Cellular Fish Skin Grafts Essential in Wound Healing

Fish Skin Grafts especially has offered a solution to aid in faster healing of burn wounds and reduced scarring. Frontier science has led to the development and advancement of innovative ways to combat health problems that plague the population. Ideally, a good skin graft substitute should be readily available, cost-effective, have a low disease transmission risk, reduce infection and scarring, and aid wound healing.

Primarily, autographs are preferred by medical practitioners because they are harvested from the patient’s skin, which minimizes the risk of rejection. However, there are instances when the existing injury is extensive, as with large burns, making harvesting of enough skin from the donor site difficult. In such instances, alternative sources are considered such as allografts, a human donor, or xenografts, from animal skin.

Fish skin grafts (FSG) have recently become of interest as a xenograft with two main species being preferred, Nile Tilapia and North Atlantic cod. Because both originate from different areas of the world, FSG is an accessible option to most populations making it ideal.

Fish Skin Grafts
Illustration of Fish Skin Grafts use in wound healing… Courtesy of Agencie UFC

FSGs have become increasingly popular due to their impact on skin health. Omega-3 fatty acid content has anti-inflammatory properties and helps transition a wound from the inflammatory stage to the proliferation stage. Fish skin grafts are naturally biocompatible and do not provoke an immune response, reducing the risk of rejection and inflammation.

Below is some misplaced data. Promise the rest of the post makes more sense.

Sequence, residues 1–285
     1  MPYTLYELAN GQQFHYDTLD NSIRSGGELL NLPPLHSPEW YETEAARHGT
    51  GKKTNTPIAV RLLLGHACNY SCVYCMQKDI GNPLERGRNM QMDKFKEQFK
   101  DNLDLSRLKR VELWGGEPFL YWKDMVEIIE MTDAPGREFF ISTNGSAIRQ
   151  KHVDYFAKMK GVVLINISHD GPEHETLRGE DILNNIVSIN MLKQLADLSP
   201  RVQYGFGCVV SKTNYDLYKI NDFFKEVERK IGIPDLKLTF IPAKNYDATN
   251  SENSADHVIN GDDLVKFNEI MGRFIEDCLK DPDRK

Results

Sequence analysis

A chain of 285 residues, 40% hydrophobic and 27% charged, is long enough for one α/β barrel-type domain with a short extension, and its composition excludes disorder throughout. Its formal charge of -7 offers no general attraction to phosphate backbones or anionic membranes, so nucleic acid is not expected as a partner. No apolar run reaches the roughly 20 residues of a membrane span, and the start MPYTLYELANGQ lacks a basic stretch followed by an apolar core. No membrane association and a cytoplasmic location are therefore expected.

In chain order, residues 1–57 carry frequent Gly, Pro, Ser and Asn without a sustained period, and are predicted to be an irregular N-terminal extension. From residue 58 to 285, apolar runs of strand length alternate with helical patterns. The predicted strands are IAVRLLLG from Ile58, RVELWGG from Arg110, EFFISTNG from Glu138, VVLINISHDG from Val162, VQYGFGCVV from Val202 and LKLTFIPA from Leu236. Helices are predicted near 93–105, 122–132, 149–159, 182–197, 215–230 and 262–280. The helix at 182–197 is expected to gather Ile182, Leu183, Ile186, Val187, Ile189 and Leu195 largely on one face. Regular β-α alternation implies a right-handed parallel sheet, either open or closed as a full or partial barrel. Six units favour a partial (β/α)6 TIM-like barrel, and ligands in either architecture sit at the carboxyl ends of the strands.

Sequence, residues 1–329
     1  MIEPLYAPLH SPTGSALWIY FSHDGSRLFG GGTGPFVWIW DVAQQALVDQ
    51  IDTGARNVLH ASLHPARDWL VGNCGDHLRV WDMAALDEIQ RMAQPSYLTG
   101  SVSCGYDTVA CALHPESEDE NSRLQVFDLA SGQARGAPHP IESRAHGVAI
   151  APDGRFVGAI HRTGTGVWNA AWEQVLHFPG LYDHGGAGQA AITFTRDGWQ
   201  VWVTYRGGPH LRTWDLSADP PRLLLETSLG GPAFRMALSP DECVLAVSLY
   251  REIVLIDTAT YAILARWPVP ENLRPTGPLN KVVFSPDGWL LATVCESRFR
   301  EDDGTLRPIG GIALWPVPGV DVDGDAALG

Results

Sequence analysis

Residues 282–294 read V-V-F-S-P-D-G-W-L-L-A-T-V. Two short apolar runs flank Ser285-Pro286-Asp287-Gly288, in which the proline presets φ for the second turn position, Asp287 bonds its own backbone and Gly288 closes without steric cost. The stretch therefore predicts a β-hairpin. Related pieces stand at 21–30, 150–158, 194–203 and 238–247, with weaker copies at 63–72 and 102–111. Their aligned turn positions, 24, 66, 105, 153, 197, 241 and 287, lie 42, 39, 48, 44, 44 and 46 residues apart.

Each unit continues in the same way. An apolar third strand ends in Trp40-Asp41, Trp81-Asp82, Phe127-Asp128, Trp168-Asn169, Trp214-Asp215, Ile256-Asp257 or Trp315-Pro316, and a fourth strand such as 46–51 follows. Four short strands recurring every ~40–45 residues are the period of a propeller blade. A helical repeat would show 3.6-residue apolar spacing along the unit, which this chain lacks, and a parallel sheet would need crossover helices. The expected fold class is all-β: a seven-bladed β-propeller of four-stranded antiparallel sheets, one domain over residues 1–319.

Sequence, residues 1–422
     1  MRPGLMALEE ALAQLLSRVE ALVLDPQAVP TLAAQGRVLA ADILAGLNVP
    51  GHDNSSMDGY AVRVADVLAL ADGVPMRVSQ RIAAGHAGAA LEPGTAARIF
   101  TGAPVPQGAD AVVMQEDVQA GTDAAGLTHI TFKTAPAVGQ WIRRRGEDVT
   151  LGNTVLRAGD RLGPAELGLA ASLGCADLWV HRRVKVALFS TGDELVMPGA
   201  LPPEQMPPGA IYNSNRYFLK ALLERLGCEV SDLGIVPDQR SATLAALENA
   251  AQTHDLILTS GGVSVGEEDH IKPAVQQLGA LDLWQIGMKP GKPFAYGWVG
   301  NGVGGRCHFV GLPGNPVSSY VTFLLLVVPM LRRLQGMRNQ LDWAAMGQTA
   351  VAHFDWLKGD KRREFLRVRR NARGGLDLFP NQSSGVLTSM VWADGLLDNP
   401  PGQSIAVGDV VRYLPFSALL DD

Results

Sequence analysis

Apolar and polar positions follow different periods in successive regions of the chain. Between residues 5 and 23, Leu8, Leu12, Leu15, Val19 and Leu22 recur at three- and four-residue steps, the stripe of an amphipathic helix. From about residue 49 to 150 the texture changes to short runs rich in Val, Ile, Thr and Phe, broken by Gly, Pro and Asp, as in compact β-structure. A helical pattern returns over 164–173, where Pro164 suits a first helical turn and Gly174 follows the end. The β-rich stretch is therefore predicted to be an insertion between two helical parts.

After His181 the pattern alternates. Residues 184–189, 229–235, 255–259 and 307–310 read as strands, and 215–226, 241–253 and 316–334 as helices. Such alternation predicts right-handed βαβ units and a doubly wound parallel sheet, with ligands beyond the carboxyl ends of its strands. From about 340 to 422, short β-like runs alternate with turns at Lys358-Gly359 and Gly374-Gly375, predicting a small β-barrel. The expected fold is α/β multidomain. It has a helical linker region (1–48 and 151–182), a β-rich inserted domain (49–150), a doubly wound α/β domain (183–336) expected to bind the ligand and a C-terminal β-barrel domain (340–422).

Moreover, the process of preparing FSG is also gentle enough to preserve these omega-3 fatty acids and the structure of the skin while still being treated enough to prevent disease transmission. Besides, depending on the method of FSG preparation, it is possible that the FSG can be stored at room temperature for up to three years, making it sustainable.

Fish Skin Grafts
The sixth day of Dressing and treatment….. courtesy of Research Gate

Clinical evidence indicates that fish skin grafts are highly effective in treating various types of wounds. A randomized controlled trial published in Wound Repair and Regeneration found that fish skin grafts significantly improved healing rates in chronic wounds, with patients experiencing higher wound closure percentages and reduced healing times compared to standard care.

Research published in ‘Plastic and Reconstructive Surgery – Global Open’ demonstrated the effectiveness of fish skin grafts in managing diabetic foot ulcers, noting faster healing times and fewer complications for patients.

Currently, sustainable farming practices are encouraged the world over. Aquaculture and in particular, fish farming has gained much popularity in Kenya. As research, new and thriving fish farms must be sensitized and encouraged to diversify their fish species to reap maximum benefits, not just in the traditional food industry but also in emerging frontiers.

Fish skin grafts are a promising option for the treatment of chronic and acute wounds, including diabetic foot ulcers, burns, and venous leg ulcers. Clinical studies have shown that they offer benefits such as reduced inflammation, faster healing, and lower infection rates compared to traditional wound care methods.

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